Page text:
The series begins with a fairly relaxed introduction to the world of Judoh, with a progression of stand-alone episodes in the first volume that introduces us to the main characters and the future world that they live in. The second volume offers more of the same really, but begins to build on these elements with an over arching storyline. The story comes together as more of the characters` pasts are revealed and the second volume ends by shaking up the status quo, indicating that the main storyline is about to take precedence.
With the nine episodes of volume three, we see these plot threads resolved, but the show never really strays far from its stand-alone ethos. The first seven episodes of volume three each have their own story to tell, with the larger plot developing in the background. It`s when you take the series as a whole that you can appreciate how the plot develops. Of course the final two episodes are devoted wholly to the series climax.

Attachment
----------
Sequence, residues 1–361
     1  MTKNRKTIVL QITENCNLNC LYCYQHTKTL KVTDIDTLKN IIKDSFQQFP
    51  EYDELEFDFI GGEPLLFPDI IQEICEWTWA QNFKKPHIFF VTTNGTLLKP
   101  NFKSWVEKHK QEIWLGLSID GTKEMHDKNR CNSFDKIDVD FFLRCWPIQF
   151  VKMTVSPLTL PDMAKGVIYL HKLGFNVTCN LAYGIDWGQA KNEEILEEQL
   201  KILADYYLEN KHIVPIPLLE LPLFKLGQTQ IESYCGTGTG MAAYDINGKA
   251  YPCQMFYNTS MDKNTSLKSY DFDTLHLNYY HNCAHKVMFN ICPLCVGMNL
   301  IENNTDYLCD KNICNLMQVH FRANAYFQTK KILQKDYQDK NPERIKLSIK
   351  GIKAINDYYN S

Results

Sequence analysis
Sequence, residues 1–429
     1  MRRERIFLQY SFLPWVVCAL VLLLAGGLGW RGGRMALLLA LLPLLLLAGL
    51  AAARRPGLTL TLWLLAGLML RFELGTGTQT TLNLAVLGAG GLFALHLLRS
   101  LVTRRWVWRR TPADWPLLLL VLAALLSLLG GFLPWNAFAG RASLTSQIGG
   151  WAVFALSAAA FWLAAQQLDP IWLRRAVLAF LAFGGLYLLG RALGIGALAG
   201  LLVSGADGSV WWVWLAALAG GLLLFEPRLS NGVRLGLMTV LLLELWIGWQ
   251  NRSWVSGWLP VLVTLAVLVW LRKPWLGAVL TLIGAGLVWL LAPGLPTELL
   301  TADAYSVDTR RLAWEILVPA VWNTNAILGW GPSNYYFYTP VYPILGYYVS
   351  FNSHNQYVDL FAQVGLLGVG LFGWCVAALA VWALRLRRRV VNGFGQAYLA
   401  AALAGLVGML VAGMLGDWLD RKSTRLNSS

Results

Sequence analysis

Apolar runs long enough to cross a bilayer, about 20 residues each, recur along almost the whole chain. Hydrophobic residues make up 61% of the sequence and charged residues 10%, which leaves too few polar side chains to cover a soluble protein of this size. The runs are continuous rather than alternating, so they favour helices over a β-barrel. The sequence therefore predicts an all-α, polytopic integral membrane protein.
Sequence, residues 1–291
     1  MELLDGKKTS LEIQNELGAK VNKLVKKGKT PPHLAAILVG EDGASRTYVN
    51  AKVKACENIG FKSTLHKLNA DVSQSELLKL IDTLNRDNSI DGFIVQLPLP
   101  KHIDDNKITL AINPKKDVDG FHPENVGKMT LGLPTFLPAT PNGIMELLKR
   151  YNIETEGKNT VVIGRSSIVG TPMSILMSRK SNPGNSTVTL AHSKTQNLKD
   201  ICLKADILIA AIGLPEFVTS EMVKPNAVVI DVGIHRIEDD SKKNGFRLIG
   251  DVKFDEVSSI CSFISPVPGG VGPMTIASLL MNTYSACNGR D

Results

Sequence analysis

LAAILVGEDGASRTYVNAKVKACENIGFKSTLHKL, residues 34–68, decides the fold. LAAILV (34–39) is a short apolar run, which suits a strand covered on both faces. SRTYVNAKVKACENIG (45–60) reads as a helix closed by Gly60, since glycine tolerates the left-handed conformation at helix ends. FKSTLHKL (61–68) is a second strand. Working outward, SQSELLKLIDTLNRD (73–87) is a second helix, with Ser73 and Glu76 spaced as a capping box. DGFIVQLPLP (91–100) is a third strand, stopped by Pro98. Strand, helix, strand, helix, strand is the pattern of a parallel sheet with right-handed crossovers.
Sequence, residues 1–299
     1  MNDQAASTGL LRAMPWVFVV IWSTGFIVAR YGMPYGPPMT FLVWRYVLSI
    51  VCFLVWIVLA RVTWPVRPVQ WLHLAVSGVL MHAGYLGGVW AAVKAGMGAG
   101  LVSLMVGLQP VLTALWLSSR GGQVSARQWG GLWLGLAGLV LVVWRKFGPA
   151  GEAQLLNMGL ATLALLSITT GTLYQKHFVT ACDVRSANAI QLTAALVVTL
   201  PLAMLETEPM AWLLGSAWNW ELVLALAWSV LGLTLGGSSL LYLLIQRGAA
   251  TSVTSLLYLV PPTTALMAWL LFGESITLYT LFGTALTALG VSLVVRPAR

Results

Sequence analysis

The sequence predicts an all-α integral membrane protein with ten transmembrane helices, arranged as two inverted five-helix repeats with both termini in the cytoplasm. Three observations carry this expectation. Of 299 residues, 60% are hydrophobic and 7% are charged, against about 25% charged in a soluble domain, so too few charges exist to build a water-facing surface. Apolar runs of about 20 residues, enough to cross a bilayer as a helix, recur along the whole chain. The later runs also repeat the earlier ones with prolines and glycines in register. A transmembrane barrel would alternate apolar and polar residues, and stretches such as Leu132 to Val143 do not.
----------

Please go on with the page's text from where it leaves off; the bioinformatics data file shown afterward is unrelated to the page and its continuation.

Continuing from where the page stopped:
Daisuke has learned the identity of his father`s killer as the final volume begins, and from then on he`s devoted to bringing him to justice. This isn`t going to be easy, as the power struggles in Judoh have made the city a far more volatile place. The first thing he has to do is to gather his friends and allies around him, which means that the subsequent episodes are character episodes specifically. The strongest of these is the first, Truth, as we finally learn of Boma`s past. It`s probably also the most violent of the episodes, which indicates why it wasn`t aired on American television. Fake and Tears look at Dr Bellucci and policeman Ken Edmundo respectively, all within the series formula of crime and mystery. We take a break from the character study for a plot advancing episode, then we return for a light hearted episode with street urchin Monica.